It makes me extremely sad to think that I'll probably be mostly bald for the rest of my life. That every day I'll wake up and put on a wig, and then take it off at night. That I'll never see my natural hair again.

A small prayer to the universe: Can I have my hair back please?

I guess until then, Aubrey and I will be spending some time together. It is kind of fun to play dress up with wigs, but I really hope it isn't something I'll have to do forever.


Anonymous said...

I love them! Especially Aubrey, such a great colour and style. What a neat idea to try something that is different to your natural hair. It must be fun trying them all on too!

Fingers crossed for your hair growth. Bon courage :)

shannon said...

I really like Aubrey! So cute.

And fingers crossed that the Rogaine kicks in.

Zhu said...

Fingers crossed for growing hair! Although I must admit I totally suck when it comes to growing fruits and veggies, so I'm not sure I'm the best person to help you grow your hair back. Mmm....

Have you ever heard of the woman who had cancer and picked 7 wigs, named each of them (like you did!) and gave them a total different personality? There was the sexy one, the daring one etc. I believe she wrote a book.

Monique said...

those are going to look soooo cute on you!!! Take pictured with them on :)

Here's to hoping that your hair grows back fast! And if it doesn't, that you feel FABULOUS with your first wig experience!

getyourselfconnected said...

I am liking the Aubrey!

I hope your hair will come back in ,I really do. In case though, you could go punk and get pink hair and stuff!

au soleil levant said...

Kiwi - thanks! Trying on different wigs is definitely fun. Maybe next I'll go blonde?

Shannon - thanks and thanks!

Zhu - hey, I'll take any growing help I can get! I haven't heard of the woman with the wigs, will have to look up her book

Monique - thanks, but you know, to preserve whatever shreds of anonymity I might still have, the likelihood of pictures of me in wigs is pretty slim :P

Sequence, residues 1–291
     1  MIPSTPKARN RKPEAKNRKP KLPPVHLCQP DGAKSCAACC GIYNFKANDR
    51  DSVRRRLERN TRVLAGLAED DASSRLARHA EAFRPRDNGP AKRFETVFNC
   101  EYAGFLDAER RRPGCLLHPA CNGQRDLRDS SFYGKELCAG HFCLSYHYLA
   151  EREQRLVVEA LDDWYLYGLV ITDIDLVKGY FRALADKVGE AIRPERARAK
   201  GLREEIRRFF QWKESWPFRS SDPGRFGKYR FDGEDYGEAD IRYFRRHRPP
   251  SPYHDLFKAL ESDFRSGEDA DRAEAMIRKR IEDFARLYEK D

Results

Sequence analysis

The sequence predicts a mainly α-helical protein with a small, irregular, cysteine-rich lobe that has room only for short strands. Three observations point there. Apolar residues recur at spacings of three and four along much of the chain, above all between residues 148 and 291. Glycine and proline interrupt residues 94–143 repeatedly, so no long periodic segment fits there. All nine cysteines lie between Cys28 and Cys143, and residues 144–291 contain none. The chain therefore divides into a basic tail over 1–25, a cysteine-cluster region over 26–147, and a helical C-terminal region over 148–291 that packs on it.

GYSC - thank you! I'm thinking maybe a nice bright purple for my punk rock look. Can't go wrong with purple!

Ann said...

After my second transplant, my hair didn't grow in completely. I started using extra-strength Rogaine for men. The dermatologist treating me for GvHD explained that the one designed for women is next to worthless and that the higher dosage would be fine. She suggested using the foam since it would be less drying for the scalp. I started to see a small amount of hair growth after 4 months. By 6 months, I had a full head of hair. I know it sounds stupid, but not being able to grow a decent amount of hair caused me more anxiety than anything else post treatment. It was like the final barrier to being able to pass for normal for me. Stick with the Rogaine, and best wishes to you.

au soleil levant said...

Ann, thank you SO MUCH for your comment. It really calmed my nerves. The only other women I've met with hair regrowth problems have all been accepting it for a while by now so I don't know what it was like for them at first and all of my other cancer girls just give me the typical "it'll grow back" line. Very comforting to hear a successful story! I'm going to go get Rogaine for Men very soon and hopefully see some changes! Being bald is the most physically identifying mark of having cancer. Of course continued baldness keeps us locked in that world and prevents us from moving on.